Robert Goodner first found his way to cloud nine in August, when he got the news that he was the one juvenile (under 16) to be selected for a precious permit to hunt elk in Tennessee in 2014.
On Sunday morning, however, when the 14-year-old Polk County youngster pulled the trigger on the largest bull elk to be taken in the state this year, he found his way to a cloud much higher-and he hasn’t come down yet. His grandfather, Scott Thomas from Cleveland, is right up there in the clouds with him.
“I’m so proud of Robert I just can’t stand it,” Thomas said.
There is really no way to capture in words and fully share the excitement Goodner felt Sunday morning. Like most teenagers, he is a little reserved-call it “cool”-when you talk to him. His grandfather, however, still bubbles with enthusiasm four days after the hunt. The story pours out of “Papaw” in a never-ending stream. I couldn’t type fast enough to get it all.
“After Robert got drawn, we made six trips to the Royal Blue Wildlife Management Area to scout,” Thomas said.
They were accompanied by retired Cleveland Police Chief Wes Snyder.
“We were the three amigos,” Thomas said. “We found some amazing signs … wallows, horning, droppings, trails, just everything. We felt like we were in a great spot Saturday morning.”
Goodner, an accomplished deer hunter, said they sat from dark to dark.
“That was my first time sitting dark to dark,” he said. “I couldn’t sit still for nothing.”
Saturday, however, was a disappointing day.
“The only thing we saw all day was two turkeys and a mink,” said Goodner, who only had two days to hunt. Sunday would be make or break.
“I started getting worried,” he said. “I had a hard time sleeping.”
Saturday night, Thomas had called Royal Blue TWRA area manager Steve Bennett, who shared a tip on where a bull was heard bugling.
“We pulled up by the Royal Blue Baptist Church at 6:10 a.m. Sunday morning,” Thomas said. “Wildlife Officer Joel Hyden first told us about the area, and we had scouted there a lot, so much that we actually got to know several of the parishioners. As we sat there in the truck, we heard the bull bugle at 6:13.”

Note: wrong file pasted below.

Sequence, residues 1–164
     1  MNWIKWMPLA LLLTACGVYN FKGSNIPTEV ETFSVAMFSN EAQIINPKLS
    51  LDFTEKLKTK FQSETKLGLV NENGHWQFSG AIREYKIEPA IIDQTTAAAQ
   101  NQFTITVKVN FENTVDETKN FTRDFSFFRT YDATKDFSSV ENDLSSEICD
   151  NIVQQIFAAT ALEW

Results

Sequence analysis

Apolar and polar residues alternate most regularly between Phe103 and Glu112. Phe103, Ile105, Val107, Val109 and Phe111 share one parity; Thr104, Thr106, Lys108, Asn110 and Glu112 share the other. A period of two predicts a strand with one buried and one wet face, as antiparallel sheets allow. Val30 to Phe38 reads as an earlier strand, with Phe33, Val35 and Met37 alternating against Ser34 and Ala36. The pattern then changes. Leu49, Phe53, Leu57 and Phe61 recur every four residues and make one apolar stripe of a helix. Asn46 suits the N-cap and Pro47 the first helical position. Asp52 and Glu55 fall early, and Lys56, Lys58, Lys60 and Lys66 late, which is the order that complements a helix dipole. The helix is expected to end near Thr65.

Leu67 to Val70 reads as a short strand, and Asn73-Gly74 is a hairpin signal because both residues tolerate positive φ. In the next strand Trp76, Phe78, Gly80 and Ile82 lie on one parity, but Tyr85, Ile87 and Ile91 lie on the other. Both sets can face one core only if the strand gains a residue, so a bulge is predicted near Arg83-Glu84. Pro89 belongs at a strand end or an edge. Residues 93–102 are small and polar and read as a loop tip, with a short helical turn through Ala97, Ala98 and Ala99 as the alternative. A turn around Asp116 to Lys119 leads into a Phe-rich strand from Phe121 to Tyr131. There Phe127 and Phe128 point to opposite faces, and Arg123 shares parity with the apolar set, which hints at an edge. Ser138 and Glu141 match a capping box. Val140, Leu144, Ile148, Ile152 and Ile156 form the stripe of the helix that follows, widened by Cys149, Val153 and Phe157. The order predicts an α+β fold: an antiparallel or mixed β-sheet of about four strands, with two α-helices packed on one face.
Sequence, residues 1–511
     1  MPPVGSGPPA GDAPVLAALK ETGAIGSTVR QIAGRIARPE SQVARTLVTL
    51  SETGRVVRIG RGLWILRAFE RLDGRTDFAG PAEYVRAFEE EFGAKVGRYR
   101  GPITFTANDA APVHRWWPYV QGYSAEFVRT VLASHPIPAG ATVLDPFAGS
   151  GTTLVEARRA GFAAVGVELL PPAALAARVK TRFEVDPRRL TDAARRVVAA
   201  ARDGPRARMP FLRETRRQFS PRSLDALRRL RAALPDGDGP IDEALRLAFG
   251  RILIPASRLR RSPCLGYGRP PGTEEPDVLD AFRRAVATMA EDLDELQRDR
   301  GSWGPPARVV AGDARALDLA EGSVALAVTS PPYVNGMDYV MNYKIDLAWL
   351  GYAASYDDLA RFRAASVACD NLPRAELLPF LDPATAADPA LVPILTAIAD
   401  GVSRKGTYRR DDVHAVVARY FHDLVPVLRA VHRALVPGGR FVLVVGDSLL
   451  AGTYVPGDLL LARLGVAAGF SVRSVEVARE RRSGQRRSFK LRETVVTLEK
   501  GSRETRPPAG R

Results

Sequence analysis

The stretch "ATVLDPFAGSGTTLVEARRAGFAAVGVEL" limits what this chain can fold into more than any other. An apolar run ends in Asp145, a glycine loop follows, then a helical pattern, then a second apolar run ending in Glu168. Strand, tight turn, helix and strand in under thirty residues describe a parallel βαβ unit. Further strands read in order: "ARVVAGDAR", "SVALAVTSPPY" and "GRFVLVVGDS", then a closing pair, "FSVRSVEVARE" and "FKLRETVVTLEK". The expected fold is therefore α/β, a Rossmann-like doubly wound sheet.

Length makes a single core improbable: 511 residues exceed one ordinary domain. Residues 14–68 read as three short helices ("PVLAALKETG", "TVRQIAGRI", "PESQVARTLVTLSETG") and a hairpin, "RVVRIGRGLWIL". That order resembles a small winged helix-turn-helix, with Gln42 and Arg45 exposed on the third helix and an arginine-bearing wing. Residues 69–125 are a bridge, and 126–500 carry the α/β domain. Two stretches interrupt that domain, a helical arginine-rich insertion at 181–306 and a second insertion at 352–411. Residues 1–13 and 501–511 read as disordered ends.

With the bull elk bugling every five to 10 minutes, the three amigos knew that it was game on.
“Hearing them bugle makes every hair on your body do the wave,” Thomas said. “There’s no other sound like it. You just can’t describe the thrill that Mother Nature has put an animal on this planet that can do what they can do. They are so majestic.”
The threesome eased into the woods in the dark, quietly approaching the field where they thought the bull was bugling. When they felt they were close enough, they sat down to wait for good light. Legal shooting time was 7:22 a.m.
“We had to wait 11 minutes,” Goodner said. “That was the longest 11 minutes of my life. I put my phone on dim and just stared at it as every second ticked down. As soon as it turned 7:22, I stood up and started walking toward the field.”
In the excitement, the threesome separated slightly.
“Wes and I spotted the bull, and I started down the road to get Robert,” Thomas said.
However, Goodner had also spotted the bull himself.
“There were two cows, a calf and the bull,” Goodner said. “I had to look close to see the bull. His horns were such a chocolate color you couldn’t hardly see them.”
But see them he did.
“In one fluid motion, Robert opened his shooting sticks, settled the gun and ‘boom,'” Thomas said.
“I hit him, Papaw; I hit him,” yelled Goodner, who could still see the elk running. “He stopped, and I was about to shoot him again when he just fell over.”
Even a “cool” teenager is man enough to admit that after months of anticipation and preparation for such a rare opportunity, it was an emotional moment.
“Yes, sir, I was about to cry,” Goodner said. “I had tears of joy in my eyes.”
Thomas said, “The closer I got to [the bull], the bigger those antlers got. Oh man, what a feeling.”
The 8-year-old bull, born and bred in Tennessee, sported 6-by-8 antlers and field dressed 646 pounds. It was a big bull, and this week, Goodner has been the “big man on campus” at Polk County High School. On Monday morning, his vice principal came into class to ask if he had taken an elk and asked to see the photo on Goodner’s iPhone. However, it is strictly against the rules for students to power up cellphones at Polk County High.
“I can’t do that. It’s against the rules,” Goodner said.
“It’s OK. I know the principal,” the vice principal told him.
“I turned on my phone and showed him,” Goodner said. “From then on, every teacher wanted to see a picture. I ended up passing my phone around to everyone in every class I went to. They even announced it over the intercom.”
The excitement of this hunt of a lifetime will live with this young man forever-and he is wise enough to appreciate the gift he’s been given. After finishing my questions, I asked Goodner if he had anything he wanted to add.
Immediately and with more sincerity than most teens can ever muster, he said, “I want to thank my Papaw, Mr. Snyder, all the TWRA agents and everyone else who helped me.”
He went on, wanting to make it clear that everyone knows of the many people who helped make his dream come true. I knew then that Robert Goodner is a young man who deserves good fortune.
Richard Simms is a contributing writer, focusing on outdoor sports.